Handicapping the Playoff Races


The playoff race in the EC is all but over. The Florida Panthers could still track down the Boston Bruins for the last wild card spot so there is that.

But in the WC, things are much more interesting.

As of this writing, 6 teams are still in the running for the final 4 spots in the playoffs.

Let’s take a look at their chances.

Vancouver would appear to be in the catbird seat with 65 points in 55GP and they have games in hand over San Jose (3), Winnipeg (2) and Calgary (1). They also hold the tie breaker of regulation wins (29) over Calgary (28), San Jose (27), Minnesota (26), Winnipeg (24), Los Angeles (24) and Dallas (24).

But…the Canucks are down two of their top 4 defensemen in Edler and Bieksa and may find it difficult to win without them.

Those Stazis discount “momentum” but, believe me, confidence plays a huge part in the performance of sports teams and the Minnesota Wild are on a huge roll.

Buoyed by the goaltending of Devan Dubnyk (who could have seen that coming) the Wild are 8-0-2 in their last 10 games and may overtake the Winnipeg Jets in the Central Division.

Winnipeg has a 5 point lead but Minnesota has 3 games in hand and could close that gap pretty quickly.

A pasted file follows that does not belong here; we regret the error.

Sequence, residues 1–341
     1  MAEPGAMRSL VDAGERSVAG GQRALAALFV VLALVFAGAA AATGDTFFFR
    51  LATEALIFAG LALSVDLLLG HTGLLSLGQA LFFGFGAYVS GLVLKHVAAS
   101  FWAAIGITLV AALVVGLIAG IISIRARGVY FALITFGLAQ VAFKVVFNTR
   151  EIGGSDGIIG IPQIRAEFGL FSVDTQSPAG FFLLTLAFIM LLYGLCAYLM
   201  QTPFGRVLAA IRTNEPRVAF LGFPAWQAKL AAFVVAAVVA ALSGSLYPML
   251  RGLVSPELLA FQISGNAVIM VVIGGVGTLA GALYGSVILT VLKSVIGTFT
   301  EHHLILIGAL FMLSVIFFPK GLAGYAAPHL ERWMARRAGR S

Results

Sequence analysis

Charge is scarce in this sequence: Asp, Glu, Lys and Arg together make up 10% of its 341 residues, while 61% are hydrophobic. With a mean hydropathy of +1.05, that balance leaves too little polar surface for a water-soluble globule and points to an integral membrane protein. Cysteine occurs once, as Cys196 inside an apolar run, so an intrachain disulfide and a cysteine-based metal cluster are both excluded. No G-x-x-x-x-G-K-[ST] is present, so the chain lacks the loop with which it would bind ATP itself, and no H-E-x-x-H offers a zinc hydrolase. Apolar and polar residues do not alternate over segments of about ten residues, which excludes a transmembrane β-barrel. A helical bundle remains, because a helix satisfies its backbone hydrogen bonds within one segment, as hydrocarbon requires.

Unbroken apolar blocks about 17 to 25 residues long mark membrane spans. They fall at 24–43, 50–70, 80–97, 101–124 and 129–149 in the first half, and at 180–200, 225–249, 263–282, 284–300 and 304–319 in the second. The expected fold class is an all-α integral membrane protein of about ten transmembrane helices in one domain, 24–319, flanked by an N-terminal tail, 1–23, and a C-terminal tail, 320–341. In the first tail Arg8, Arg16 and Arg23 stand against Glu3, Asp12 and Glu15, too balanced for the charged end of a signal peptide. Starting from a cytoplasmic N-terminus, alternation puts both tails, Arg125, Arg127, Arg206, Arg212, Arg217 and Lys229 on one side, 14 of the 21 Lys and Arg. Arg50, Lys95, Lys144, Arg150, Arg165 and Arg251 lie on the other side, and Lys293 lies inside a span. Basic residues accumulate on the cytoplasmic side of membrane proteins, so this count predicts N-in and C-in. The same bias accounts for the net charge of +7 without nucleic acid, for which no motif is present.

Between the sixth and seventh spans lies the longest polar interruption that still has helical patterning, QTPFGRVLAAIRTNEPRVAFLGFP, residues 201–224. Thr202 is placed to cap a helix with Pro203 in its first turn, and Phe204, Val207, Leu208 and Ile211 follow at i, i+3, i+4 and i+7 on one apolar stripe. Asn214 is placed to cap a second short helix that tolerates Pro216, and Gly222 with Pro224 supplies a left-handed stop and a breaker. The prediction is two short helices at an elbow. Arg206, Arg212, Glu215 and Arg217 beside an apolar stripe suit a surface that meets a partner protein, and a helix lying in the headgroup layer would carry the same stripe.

The 4 Pacific teams vying for a post season berth, San Jose, Vancouver, Calgary and Los Angeles are within 4 points of each other and all are playing around .500 hockey in their last 10 GP.

If forced to make a wager right now, I would go with this for the top 8 teams in the WC:

1) NSH

2) STL

3) ANA

4) CHI

5) CAL

6) MIN

7) VCR

8) WPG

Wow. The 1st round of the playoffs should be epic.


One thought on “Handicapping the Playoff Races

  1. Shame on you, DCB, taking advantage of poor Woodguy’s naivety. Most hockey teams are only a couple of issues from a disaster season, (say a grade three ACL tear to Giordano and a Mike Smith season from Hiller) but MacTavish’s plan for his defence is a guarantee that they will again have a rep at the ping pong ball telecast in 2016 and will yet again be behind the Flames in the standings.
    I have long agreed with the concept that “if it makes a difference in a hockey game, it can be measured.” Lately, I have begun to question it because I don’t know how you can measure an athlete’s ability to absolutely know, without any question, that when their opportunity comes, they will shine. How else do you explain Eberle at the World Jr. or the momentum Canadian athletes built at the 2010 Olympics? Besides the Flames incredible work ethic, I see this amazing confidence that no matter what happens, they will have opportunities and they will cash on them. Unfortunately, this kind of confidence does not last forever, but while it does, it’s one hell of a ride. Or am I yet again talking from the orifice that I sit on?


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